3. Manuelrodrigues, Dec 7, 2014
    Last edited: Dec 8, 2014

    Manuelrodrigues thread starter macrumors member

    Manuelrodrigues

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    #3
    2 years ago I switched to a win7 laptop to be able to render faster in After Effects. The laptop has a gtx680m. This gpu today still is 30% faster than the current rMBP with the gt750m which I also own. Source: Http://gpuboss.com. The form factor of the win7 laptop is much less sexi than the rMBP but I think the gt750m is just not a pro gpu. I think the current form factor and configuration of the retina MacBook pro is at best semi pro.
     
  4. TheIguana macrumors 6502a

    TheIguana

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    #4
    I for one am quite appreciative of the push towards power efficiency. It's been particularly useful when I've been stuck on a 5 hour flight with no power plugs while being on a deadline to get a video edited together. An hour battery life wouldn't cut it, and would be extremely frustrating.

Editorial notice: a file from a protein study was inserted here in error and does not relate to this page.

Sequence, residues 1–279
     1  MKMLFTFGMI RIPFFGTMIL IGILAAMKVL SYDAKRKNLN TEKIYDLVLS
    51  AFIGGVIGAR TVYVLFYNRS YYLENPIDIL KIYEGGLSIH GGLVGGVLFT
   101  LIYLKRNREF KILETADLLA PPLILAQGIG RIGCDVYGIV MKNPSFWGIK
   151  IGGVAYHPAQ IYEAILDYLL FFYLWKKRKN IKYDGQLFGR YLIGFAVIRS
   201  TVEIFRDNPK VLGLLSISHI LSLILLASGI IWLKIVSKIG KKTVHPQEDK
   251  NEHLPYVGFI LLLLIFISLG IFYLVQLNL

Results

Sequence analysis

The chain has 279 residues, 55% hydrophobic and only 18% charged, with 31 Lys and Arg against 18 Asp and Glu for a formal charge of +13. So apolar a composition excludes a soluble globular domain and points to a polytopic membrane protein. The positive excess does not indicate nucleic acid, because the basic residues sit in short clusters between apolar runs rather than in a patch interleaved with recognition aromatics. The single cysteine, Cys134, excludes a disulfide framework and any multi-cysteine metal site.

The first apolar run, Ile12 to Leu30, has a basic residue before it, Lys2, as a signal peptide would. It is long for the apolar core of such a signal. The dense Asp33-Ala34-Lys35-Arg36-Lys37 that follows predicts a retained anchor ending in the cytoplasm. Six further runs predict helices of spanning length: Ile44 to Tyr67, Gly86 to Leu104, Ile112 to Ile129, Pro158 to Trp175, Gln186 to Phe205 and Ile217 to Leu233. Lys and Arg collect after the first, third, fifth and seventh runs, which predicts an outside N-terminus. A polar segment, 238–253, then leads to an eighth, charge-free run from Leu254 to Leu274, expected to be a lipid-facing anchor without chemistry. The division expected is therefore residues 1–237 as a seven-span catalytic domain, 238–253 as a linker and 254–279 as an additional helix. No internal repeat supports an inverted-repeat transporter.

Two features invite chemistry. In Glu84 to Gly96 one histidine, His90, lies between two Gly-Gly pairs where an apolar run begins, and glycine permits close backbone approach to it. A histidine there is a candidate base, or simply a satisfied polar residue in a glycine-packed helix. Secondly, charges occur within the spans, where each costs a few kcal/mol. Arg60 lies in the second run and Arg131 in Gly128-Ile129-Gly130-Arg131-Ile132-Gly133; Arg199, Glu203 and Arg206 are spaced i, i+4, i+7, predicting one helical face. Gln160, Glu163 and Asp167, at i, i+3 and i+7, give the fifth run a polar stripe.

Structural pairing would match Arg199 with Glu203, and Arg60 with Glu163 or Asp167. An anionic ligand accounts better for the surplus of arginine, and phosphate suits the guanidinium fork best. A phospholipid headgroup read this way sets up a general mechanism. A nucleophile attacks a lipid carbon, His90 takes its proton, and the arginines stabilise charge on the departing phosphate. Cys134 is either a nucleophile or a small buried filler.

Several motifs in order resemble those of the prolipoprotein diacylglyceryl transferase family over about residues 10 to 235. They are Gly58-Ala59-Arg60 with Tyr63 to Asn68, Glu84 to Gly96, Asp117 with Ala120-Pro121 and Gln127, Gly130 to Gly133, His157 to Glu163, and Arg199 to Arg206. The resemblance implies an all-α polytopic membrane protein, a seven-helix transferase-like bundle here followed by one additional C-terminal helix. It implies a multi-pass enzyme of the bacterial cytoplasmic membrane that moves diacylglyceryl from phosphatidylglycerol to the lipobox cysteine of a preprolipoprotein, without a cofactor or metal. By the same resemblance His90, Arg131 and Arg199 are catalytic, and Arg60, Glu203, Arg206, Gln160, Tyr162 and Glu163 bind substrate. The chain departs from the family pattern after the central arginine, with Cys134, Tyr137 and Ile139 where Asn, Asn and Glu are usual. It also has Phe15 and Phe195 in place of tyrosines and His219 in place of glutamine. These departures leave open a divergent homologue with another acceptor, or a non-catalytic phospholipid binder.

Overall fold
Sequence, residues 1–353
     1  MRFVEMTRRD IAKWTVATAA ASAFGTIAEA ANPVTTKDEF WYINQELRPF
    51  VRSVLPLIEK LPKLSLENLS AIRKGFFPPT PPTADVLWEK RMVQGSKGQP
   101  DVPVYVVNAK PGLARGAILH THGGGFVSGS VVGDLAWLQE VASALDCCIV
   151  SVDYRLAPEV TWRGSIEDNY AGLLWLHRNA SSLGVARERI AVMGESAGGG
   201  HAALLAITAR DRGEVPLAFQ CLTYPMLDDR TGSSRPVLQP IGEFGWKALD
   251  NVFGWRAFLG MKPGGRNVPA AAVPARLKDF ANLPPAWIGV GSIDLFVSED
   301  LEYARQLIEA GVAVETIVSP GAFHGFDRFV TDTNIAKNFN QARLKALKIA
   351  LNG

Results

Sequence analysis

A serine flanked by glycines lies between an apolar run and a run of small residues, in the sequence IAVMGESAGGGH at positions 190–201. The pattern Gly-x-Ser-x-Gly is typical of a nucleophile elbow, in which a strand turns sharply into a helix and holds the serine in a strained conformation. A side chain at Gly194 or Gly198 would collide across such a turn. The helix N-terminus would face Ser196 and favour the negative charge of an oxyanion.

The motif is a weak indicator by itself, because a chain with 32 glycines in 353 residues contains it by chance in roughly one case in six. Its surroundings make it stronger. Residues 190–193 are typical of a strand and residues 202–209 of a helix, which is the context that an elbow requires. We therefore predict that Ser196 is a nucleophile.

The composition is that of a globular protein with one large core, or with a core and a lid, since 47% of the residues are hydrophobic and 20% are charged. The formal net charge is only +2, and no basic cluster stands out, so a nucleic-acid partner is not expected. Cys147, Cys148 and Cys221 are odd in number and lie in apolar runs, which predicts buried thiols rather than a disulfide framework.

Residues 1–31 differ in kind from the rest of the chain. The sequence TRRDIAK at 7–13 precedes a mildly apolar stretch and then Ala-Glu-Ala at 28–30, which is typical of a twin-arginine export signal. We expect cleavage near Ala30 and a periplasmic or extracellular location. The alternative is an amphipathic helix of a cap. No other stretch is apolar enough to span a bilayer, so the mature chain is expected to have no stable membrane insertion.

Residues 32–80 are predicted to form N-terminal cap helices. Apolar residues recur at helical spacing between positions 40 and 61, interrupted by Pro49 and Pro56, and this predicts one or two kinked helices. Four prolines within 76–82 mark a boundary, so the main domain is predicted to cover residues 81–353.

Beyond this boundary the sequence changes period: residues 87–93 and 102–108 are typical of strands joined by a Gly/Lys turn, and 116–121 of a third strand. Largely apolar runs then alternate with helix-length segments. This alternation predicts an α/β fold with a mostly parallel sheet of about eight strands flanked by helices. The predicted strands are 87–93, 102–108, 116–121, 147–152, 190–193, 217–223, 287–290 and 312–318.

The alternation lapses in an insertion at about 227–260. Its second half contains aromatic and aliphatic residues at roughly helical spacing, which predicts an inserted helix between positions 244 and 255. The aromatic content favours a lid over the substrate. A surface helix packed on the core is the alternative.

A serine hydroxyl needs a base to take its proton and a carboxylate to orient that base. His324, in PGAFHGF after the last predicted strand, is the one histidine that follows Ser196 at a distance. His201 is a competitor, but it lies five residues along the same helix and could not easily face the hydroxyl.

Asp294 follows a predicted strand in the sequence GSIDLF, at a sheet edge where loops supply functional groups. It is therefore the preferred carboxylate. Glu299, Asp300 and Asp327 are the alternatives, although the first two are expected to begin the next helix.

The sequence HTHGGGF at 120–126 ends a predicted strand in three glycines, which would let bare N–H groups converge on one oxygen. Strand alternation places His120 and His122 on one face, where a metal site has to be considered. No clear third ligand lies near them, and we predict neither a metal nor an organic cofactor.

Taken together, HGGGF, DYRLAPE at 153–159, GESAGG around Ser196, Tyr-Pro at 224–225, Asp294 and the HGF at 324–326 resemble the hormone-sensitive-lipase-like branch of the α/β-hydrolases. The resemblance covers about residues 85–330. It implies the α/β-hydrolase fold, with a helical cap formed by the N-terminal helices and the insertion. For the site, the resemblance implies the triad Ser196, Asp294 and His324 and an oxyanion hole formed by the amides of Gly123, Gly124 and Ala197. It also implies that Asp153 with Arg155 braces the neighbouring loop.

5. Manuelrodrigues, Dec 7, 2014
    Last edited: Dec 7, 2014

    Manuelrodrigues thread starter macrumors member

    Manuelrodrigues

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    #5
    Ok, maybe one hour battery life is not enough but I think exchanging battery life for a better gpu on a product which is branded as a pro machine is something which should be considered.

    Please take a look at this chart: http://www.notebookcheck.net/Comparison-of-Laptop-Graphics-Cards.130.0.html Both the gt750m and the iris pro gpu are at best mid range enthusiast cards... We as Mac users should realize that there are a lot of mobile cards which are much much faster...